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Search results for "Book/Report"
- General Internal Medicine
Oakbrook Terrace, IL: The Joint Commission; September 2010.
In the fifth report on the quality of care provided by hospitals in the United States, The Joint Commission shifts its focus to performance on accountability measures—evidence-based, easily measurable metrics that are strongly linked to patient outcomes and have minimal potential for harm. By these metrics, the overall quality of care has improved since 2007 for patients undergoing surgery, and for patients hospitalized with myocardial infarctions, pneumonia, and asthma (in children). Dr. Mark Chassin, the president of the Joint Commission, discussed the organization's approach to improving patient safety and quality in a 2009 AHRQ WebM&M perspective.
Portland, OR: Oregon Patient Safety Commission.
This annual publication provides data and analysis of adverse events voluntarily reported to the Oregon Patient Safety Commission. The review of 2015 data discussed the 704 events submitted from the 4 types health care settings involved and found that medication errors, invasive procedure incidents, care delays, and falls were the most frequent problems.
Reed K, May R. Golden, CO: Health Grades, Inc; 2010.
This report analyzed Agency for Healthcare Research and Quality (AHRQ) Patient Safety Indicator data from 2006–2008 to identify pediatric patient safety incidence rates.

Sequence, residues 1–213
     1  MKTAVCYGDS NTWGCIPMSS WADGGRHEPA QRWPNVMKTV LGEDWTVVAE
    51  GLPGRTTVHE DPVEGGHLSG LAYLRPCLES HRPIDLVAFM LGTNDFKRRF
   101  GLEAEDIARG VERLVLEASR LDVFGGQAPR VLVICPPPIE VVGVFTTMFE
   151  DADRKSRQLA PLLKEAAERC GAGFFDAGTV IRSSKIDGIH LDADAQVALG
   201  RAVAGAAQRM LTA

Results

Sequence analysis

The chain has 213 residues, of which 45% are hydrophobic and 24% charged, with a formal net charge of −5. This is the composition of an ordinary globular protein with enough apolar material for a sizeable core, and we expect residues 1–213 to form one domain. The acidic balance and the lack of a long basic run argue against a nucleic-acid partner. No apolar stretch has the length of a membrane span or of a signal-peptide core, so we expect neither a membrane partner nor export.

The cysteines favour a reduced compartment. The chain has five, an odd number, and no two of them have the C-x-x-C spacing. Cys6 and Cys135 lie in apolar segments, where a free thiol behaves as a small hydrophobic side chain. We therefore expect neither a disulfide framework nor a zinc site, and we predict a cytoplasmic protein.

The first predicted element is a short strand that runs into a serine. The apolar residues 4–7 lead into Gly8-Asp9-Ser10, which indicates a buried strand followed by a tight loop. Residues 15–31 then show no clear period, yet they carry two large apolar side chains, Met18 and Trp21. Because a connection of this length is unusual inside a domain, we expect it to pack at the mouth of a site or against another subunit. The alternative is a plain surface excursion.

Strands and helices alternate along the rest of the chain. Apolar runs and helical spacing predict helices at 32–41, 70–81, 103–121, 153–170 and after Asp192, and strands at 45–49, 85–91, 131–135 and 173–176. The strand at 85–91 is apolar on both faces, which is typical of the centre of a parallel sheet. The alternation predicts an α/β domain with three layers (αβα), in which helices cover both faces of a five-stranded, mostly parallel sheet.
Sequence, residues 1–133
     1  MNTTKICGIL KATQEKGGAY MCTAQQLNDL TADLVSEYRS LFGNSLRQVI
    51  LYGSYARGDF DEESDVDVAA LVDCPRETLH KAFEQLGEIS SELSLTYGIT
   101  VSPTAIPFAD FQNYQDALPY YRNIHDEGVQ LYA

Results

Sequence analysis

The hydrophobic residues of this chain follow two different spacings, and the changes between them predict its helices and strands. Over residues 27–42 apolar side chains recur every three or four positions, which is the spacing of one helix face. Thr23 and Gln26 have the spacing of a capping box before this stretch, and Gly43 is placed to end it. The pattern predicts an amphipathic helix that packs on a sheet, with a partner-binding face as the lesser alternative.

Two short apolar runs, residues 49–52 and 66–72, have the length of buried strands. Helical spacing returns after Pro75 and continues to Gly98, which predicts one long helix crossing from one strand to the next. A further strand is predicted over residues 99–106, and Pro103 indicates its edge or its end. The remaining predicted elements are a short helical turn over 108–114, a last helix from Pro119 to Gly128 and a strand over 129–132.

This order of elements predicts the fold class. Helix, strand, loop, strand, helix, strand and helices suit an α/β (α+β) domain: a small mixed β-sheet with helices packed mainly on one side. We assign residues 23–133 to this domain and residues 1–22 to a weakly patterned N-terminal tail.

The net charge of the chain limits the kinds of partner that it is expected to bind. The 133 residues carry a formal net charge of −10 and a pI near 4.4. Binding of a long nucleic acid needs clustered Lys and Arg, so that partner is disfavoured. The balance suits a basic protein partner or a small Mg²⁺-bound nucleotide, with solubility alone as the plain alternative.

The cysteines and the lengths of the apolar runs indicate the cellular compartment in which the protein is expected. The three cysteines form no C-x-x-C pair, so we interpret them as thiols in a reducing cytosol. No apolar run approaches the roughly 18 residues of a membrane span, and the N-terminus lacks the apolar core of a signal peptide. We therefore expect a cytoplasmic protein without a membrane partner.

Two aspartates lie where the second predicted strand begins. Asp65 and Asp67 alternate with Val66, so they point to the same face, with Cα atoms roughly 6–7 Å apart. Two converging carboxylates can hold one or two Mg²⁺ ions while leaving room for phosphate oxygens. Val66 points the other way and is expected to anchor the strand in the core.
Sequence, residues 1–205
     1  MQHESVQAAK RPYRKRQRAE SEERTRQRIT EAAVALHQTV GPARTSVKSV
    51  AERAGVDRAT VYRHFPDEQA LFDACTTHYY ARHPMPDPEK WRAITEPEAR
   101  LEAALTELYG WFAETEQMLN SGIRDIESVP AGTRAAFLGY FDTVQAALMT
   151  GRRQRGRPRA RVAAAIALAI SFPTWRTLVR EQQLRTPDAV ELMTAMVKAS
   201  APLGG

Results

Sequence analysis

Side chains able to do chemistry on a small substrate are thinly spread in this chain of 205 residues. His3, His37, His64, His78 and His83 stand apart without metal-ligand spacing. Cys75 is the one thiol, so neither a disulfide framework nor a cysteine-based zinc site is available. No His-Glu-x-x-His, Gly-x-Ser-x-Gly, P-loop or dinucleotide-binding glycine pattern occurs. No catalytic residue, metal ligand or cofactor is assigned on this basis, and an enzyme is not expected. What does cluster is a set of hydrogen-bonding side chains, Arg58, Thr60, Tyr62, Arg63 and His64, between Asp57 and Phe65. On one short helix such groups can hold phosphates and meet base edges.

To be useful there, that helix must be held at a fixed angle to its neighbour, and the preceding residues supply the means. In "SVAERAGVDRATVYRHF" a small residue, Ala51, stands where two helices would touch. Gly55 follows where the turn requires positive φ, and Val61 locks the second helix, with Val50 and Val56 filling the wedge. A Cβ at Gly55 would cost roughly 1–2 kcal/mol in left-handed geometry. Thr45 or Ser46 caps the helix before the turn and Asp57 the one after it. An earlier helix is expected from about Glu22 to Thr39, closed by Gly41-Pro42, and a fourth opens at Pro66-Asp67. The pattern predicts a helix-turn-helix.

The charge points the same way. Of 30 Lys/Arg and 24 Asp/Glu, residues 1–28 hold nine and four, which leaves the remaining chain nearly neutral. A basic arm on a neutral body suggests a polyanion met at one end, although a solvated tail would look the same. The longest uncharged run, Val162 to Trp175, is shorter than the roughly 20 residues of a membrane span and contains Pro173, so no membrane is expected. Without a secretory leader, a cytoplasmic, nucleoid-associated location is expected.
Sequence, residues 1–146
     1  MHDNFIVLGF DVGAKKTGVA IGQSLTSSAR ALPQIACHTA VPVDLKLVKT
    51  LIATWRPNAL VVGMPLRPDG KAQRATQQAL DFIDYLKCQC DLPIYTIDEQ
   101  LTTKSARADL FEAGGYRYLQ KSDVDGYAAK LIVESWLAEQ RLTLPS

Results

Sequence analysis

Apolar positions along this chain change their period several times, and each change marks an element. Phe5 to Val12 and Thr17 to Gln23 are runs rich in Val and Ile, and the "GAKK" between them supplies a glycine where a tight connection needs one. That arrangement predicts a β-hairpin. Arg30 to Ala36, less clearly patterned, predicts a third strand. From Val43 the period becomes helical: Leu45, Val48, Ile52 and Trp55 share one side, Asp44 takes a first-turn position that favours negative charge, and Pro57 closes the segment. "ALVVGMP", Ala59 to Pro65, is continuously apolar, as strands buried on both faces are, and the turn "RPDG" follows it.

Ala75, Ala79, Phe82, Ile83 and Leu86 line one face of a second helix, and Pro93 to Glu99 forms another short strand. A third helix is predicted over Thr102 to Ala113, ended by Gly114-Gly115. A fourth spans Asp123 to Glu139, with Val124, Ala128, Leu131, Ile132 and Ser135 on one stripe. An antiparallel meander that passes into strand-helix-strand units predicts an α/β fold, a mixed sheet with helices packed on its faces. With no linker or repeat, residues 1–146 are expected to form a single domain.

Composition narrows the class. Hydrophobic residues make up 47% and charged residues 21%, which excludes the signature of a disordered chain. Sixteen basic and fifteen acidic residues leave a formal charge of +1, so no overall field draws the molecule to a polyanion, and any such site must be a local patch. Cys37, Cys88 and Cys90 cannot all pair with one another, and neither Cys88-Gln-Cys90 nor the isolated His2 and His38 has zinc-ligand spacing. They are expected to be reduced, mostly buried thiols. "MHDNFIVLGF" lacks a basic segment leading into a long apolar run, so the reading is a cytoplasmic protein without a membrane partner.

Advancing Effective Communication, Cultural Competence, and Patient- and Family-Centered Care: A Roadmap for Hospitals.
Oakbrook Terrace, IL: The Joint Commission; 2010.
This report reveals how hospitals can improve communication, cultural competency, and patient-centeredness to enhance patient experience of care.
Lucado J, Paez K, Andrews R, Steiner C. HCUP Statistical Brief #94. Rockville, MD: Agency for Healthcare Research and Quality; August 2010.
McHugh M, Garman A, McAlearney A, Song P, Harrison M. Chicago, IL: Health Research & Educational Trust; June 2010.
This publication describes human resources strategies to improve quality of care.
London, UK: Health Policy & Economic Research Unit, British Medical Association Scotland; May 2010.
This report summarizes findings from a survey querying physicians about United Kingdom National Health Service whistleblowing policies.
Rockville, MD: Agency for Healthcare Research and Quality.
In this annual publication, AHRQ reviews the results of the National Healthcare Quality Report and National Healthcare Disparities Report. Providing a 5-year update on the National Quality Strategy, this report highlights that a wide range of quality measures have shown improvement in quality, access, and cost.
Golden, CO: HealthGrades, Inc.; March 2010.